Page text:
“Are Jobs Obsolete?”

I once read a science-fiction book (Poul Anderson’s The Boat of A Million Years) about a dozen or so unrelated people with genetic mutations that cause them to never age (though they can die in other ways). Something like six or eight of them make it to a point in our future when technology will create anything you want for you, and everyone gets a basic allotment of credit regardless of whether they work or not.

That’s what I was strongly reminded of when I read this.

I don’t think our society is ready for that kind of economy yet, but I do think that it — or something like it — will happen sooner or later. Probably not in my lifetime, but I could be wrong.

11 Comments

  1. Responses like that are what I believe will eventually convince people to adopt such a measure. I’ve seen economic models that might support it. Unemployment would have to be significantly higher than 10% before that happens though, 10% isn’t enough to generate sufficient political will for such a radical change.

  2. Kind of reminds me of “The Ship” in “Wal-E”

    The way our government and large corporations are handling things, we may yet see unemployment go over 10%. Yesterday I thought the “Occupy Wall Street” movement was just an American thing but in this morning’s news I heard that the movement has spread to Europe.

    Sometimes I wonder if our society is finally beginning to collapse under its own weight. It was never a sustainable society to begin with.

    • Sorry, never had a chance to see “Wal-E”.

      Governments are examples of feedback systems, and feedback systems are a hobby of mine so I see them everywhere. 🙂 A feedback system is anything that is capable of responding to feedback to maintain itself in a viable state, and such a system can only collapse when its state is pushed to the point where the feedback mechanisms are overwhelmed and can no longer correct its state.

      The US government was pushed to an extreme in the Bush Jr. era, one that I don’t think it has seen since the time of the Civil War. It hasn’t had time to recover yet, but I’m sure that it still can recover, and that it will if nothing happens to push it further out of whack.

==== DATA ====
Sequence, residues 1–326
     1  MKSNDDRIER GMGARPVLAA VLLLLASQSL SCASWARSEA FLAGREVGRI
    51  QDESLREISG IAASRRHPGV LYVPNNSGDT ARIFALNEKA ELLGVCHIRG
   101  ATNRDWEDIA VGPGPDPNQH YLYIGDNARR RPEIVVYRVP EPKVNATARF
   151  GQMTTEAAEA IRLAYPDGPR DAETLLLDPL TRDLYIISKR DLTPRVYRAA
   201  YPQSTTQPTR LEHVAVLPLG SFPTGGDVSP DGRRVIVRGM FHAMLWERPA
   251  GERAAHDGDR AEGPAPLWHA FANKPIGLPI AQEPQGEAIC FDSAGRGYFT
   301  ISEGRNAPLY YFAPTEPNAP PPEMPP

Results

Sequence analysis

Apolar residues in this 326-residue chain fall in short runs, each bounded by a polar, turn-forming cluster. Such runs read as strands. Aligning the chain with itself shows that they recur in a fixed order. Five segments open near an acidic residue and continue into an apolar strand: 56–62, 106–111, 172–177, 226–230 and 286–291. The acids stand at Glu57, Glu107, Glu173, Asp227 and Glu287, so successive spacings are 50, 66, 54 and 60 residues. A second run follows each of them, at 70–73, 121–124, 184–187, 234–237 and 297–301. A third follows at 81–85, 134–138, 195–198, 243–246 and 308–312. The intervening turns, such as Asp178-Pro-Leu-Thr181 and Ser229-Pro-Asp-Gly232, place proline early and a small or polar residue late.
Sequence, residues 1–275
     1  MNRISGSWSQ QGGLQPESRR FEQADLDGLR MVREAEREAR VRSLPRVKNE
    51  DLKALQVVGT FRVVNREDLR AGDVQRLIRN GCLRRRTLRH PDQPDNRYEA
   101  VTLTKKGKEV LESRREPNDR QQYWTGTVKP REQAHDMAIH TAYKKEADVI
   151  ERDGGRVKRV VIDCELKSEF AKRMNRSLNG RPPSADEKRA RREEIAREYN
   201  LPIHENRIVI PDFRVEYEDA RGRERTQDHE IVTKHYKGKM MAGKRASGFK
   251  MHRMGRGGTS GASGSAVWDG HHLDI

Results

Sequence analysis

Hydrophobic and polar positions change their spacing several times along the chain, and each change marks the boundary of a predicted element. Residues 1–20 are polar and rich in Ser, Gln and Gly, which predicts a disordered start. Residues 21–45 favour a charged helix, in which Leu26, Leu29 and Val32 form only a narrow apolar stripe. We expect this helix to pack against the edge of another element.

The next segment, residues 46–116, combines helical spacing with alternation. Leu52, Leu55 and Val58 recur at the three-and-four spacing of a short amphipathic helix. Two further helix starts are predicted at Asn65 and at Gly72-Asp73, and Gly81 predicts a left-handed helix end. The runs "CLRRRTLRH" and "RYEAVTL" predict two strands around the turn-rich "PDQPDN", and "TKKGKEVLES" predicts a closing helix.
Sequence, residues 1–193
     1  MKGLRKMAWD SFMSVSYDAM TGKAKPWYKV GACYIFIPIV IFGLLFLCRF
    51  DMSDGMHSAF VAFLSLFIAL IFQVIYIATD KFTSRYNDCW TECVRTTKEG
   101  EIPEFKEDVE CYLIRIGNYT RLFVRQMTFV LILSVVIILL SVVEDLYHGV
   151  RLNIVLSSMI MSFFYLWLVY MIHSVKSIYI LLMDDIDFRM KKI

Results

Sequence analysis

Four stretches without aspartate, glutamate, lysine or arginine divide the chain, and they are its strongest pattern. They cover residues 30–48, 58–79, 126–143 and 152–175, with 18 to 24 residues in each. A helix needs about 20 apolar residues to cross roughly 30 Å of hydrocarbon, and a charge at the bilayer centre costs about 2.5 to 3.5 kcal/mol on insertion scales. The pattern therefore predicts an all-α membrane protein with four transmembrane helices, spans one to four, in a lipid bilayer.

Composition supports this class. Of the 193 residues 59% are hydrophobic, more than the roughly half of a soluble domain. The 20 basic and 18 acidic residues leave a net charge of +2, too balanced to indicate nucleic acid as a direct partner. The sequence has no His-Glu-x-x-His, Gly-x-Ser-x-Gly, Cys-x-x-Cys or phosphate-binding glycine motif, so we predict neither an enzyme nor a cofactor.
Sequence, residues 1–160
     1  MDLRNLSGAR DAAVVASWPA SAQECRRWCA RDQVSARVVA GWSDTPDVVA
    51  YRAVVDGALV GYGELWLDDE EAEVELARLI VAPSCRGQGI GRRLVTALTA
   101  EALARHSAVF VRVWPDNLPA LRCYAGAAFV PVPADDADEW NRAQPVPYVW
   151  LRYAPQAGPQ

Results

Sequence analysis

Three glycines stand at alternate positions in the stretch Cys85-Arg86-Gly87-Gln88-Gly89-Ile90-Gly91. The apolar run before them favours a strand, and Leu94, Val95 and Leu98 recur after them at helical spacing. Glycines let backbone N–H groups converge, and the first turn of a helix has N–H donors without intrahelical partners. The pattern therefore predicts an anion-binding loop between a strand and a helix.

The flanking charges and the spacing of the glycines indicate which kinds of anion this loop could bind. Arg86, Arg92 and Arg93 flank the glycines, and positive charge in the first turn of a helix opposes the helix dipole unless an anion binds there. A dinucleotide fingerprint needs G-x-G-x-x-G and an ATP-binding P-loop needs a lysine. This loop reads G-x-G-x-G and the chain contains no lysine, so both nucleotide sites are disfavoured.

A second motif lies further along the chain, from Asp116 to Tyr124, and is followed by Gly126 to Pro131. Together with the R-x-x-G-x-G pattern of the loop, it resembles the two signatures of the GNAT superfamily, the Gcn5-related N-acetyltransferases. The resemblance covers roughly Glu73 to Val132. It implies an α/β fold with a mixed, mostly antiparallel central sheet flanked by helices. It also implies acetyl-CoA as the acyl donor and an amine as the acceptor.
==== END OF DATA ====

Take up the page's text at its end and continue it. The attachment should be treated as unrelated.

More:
If the Tea Party gets its way, that would be enough to push it over the edge. I have no idea what would come after, but there would almost certainly be a very uncomfortable interval before it is replaced by another viable system. Fortunately, I think it’s highly unlikely that the Tea Party will be given any more power than it has at present, and that should be survivable.

      • You should see Wall-E, fun movie, especially for an Apple fan because of product placement. 😉 The tea party will be marginalized if they don’t win the Republican nomination, and it looks like one of theirs won’t get it. Romney may have a lot of flaws IMHO, not the least of which is that he’s an especially two-faced politician who’s probably a borderline psychopath (like many CEO-types) considering the way he treated one of his pets, but he’s not a tea party member really although he tries to adhere to a Conservative message to get votes. (He’s a governor from Massachusetts, not exactly a hotbed of conservative activism.)

        • I can’t keep track of all the Republican nominees this year. The party seems to think that more is better… they were trying to add a ninth candidate a couple weeks ago! But none of them seem very compelling from where I sit. Of course, I haven’t been enamored of the Republican party since before I was allowed to vote.

          • They also seem to think the more weird extremists the merrier too. The Republican party has been hijacked by the lunatics even more than usual this election cycle. Except Romney, but he’s one of the slimiest politicians to run for high office in a long time also. Looks like I’ll probably hold my nose and vote for Obama, despite that he doesn’t have guts and there isn’t really much difference between him and GWB in a lot of ways, or maybe some third party, they couldn’t be weirder than the Republicans.

          • Obama might be a lot bolder in his second term, since he won’t have to worry about re-election again. We can only hope.

  3. That would be somewhat unusual, most U.S. Presidents get things done in their first term, especially their first few months in office, than any other time.

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